House Bill (HB) 5/ Act 24 authorizes sheriffs and deputy sheriffs with at least 16 years of active service to purchase their service firearms upon retirement.

House Bill (HB) 55/ Act 26  prohibits certain sex offenders from using or accessing social networking websites, chat rooms, and peer-to-peer networks.

House Bill (HB) 187/ Act 30 exempts sex offenders from provision that provides, without charge, state identification cards to persons of certain age.

Senate Bill (SB) 18/ Act 41 provides relative to the chief of police in the town of Simmesport. (8/15/11)

House Bill (HB) 131/ Act 74 amends the crime of failure to register to include the failure to comply with sex offender drivers’ license and state identification card requirements.

House Bill (HB) 216/ Act 83 amends provisions of law regarding probable cause determinations.

House Bill (HB) 235/ Act 87 provides that the 24-hour stay following mistrial applies to writ application for review by all courts with appellate jurisdiction.

House Bill (HB) 264/ Act 91 creates the crime of unlawful production, manufacturing, distribution, or possession of law enforcement badges.

Senate Bill (SB) 202/ Act 153 provides relative to the membership, duties and operations of the parole board and pardon board.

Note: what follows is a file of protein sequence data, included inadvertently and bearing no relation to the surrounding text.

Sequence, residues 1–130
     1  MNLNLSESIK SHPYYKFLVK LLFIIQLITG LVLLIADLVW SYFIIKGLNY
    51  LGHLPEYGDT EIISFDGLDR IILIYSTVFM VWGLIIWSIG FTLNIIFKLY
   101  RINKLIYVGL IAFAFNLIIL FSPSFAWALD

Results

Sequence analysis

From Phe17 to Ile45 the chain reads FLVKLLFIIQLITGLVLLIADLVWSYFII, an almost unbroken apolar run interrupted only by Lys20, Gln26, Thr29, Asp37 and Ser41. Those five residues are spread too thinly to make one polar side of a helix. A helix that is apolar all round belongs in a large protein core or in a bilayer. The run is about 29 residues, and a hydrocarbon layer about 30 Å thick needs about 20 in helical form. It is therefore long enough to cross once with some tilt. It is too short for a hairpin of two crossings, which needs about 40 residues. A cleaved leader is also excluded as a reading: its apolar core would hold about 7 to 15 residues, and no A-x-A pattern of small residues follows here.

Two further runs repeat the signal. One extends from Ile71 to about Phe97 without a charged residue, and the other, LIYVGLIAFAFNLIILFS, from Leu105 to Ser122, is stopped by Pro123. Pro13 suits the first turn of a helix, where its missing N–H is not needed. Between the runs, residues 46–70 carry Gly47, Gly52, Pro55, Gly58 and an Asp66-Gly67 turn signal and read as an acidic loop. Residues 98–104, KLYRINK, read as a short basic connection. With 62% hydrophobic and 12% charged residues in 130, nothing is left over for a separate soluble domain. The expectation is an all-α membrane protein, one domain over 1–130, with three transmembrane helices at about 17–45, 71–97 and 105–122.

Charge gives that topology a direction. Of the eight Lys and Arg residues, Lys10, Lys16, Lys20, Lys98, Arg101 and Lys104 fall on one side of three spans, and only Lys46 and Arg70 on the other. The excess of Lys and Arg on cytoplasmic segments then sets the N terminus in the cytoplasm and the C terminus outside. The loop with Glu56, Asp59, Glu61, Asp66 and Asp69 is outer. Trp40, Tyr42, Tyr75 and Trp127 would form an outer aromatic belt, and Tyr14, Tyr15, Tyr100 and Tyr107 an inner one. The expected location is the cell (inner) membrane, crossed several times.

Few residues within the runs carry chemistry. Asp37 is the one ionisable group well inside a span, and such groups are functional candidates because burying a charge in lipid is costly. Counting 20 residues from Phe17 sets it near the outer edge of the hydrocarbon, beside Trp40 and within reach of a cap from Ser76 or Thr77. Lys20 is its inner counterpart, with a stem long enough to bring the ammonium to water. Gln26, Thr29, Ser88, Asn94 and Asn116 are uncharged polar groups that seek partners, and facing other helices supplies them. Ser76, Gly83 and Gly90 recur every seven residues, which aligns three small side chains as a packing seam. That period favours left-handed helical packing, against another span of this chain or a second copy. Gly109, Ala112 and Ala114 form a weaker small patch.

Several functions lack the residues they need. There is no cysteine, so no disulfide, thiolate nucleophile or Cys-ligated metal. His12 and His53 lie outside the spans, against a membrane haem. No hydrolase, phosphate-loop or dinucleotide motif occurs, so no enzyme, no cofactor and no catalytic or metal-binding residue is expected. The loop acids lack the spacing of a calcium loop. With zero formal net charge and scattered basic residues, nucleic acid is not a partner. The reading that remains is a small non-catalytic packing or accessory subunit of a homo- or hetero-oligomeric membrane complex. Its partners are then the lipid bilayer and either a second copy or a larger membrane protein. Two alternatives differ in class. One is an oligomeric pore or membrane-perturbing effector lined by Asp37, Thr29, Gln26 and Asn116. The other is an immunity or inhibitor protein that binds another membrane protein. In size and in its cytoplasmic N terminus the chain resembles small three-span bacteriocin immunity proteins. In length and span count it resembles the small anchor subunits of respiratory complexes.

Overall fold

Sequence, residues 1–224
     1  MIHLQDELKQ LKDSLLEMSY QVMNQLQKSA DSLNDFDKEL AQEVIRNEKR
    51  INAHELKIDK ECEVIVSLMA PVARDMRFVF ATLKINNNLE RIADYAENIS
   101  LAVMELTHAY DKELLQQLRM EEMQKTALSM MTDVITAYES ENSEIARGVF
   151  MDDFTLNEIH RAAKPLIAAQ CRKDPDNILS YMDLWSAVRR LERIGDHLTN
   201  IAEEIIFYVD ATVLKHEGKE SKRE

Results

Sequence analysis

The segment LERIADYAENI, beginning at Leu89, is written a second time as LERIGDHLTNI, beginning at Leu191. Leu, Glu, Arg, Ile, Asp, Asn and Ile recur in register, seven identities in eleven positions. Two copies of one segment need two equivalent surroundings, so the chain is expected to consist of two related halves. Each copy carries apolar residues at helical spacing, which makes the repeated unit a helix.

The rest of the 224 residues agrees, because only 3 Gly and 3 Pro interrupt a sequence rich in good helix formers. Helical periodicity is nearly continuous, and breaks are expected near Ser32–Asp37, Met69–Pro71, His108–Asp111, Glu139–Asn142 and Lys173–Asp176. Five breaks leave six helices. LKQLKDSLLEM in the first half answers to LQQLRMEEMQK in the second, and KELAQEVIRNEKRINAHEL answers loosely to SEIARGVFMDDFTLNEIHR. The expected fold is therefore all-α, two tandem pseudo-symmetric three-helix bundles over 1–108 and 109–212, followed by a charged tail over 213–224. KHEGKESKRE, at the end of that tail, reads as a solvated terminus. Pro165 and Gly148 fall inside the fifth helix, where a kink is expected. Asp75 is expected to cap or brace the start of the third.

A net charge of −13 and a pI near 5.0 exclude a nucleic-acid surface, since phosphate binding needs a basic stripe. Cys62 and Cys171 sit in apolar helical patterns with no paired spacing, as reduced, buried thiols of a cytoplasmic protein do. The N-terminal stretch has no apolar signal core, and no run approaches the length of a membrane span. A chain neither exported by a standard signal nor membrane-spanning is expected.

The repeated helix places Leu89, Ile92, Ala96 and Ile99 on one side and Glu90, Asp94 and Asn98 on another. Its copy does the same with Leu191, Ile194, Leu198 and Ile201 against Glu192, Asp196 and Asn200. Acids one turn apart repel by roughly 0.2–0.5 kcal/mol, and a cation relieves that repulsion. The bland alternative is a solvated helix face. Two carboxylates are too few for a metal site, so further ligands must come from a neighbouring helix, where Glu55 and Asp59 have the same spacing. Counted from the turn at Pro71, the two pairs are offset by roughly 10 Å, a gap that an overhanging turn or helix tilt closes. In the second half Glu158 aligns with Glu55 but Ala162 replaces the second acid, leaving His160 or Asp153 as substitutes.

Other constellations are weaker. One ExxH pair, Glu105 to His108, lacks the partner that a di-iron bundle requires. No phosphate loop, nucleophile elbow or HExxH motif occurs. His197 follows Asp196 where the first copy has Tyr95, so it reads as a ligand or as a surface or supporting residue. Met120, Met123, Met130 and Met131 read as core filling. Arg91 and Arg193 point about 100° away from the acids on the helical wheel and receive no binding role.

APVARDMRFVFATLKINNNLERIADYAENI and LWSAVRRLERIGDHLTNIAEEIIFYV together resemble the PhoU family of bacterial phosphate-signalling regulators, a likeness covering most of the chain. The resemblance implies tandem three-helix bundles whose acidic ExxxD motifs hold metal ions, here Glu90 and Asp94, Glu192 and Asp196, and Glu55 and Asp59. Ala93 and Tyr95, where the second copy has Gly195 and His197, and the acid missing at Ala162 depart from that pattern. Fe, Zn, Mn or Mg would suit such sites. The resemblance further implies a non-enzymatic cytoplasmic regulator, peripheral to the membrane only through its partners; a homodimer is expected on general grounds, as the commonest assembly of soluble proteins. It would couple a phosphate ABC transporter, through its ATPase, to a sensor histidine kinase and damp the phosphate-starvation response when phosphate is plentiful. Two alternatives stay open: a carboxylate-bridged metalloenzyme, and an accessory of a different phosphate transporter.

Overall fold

House Bill (HB) 14/ Act 159 provides relative to the carrying of weapons by federal judges.

House Bill (HB) 72/ Act 161 provides for the training of all chiefs of police.

House Bill (HB) 106/ Act 168 Requires reporting from providers of home incarceration or electronic monitoring services to DPS&C.

House Bill (HB) 414/ Act 186 revises and consolidates statutes providing for the diminution of sentence.

House Bill (HB) 111/ Act 218 provides with respect to court-ordered probation supervision fees.

House Bill (HB) 121/ Act 219 increases probation and parole fees by ten dollars.

House Bill (HB) 122/ Act 220 provides for the imposition of a fee to defray the cost of presentence investigations.

House Bill (HB) 116/ Act 250 prohibits the destruction of biological evidence collected pursuant to the investigation of certain criminal offenses.

House Bill (HB) 129/ Act 252 provides the La. Supreme Court Committee on Bar Admissions with access to criminal history information of bar examination applicants.

House Bill (HB) 138/ Act 253 provides with respect to eligibility for parole consideration for certain elderly inmates.

House Bill (HB) 285/ Act 262 increases the amount of monetary compensation for wrongful convictions.

House Bill (HB) 374/ Act 282  provides relative to the powers granted to elected police chiefs in municipalities governed by the Lawrason Act.

House Bill (HB) 392/ Act 283 provides with respect to criminal background checks for persons seeking employment.

House Bill (HB) 401/ Act 284 increases penalties for domestic abuse battery.

House Bill (HB) 416/ Act 285 amends timing of parole eligibility for certain offenders.

Senate Bill (SB) 182/ Act 312 prohibits any offender sentenced to the legal custody of the Department of Public Safety and Corrections to establish an account on any Internet-based social networking website. (8/15/11)

Senate Bill (SB) 232/ Act 318 provides for registry and notification by sex offenders and a sexual assault task force.

House Bill (HB) 305/ Act 349 provides for the reduction of a defendant’s sentence for substantial assistance in an investigation.

House Bill (HB) 353/ Act 366 provides for a uniform fines and costs assessment form for criminal cases.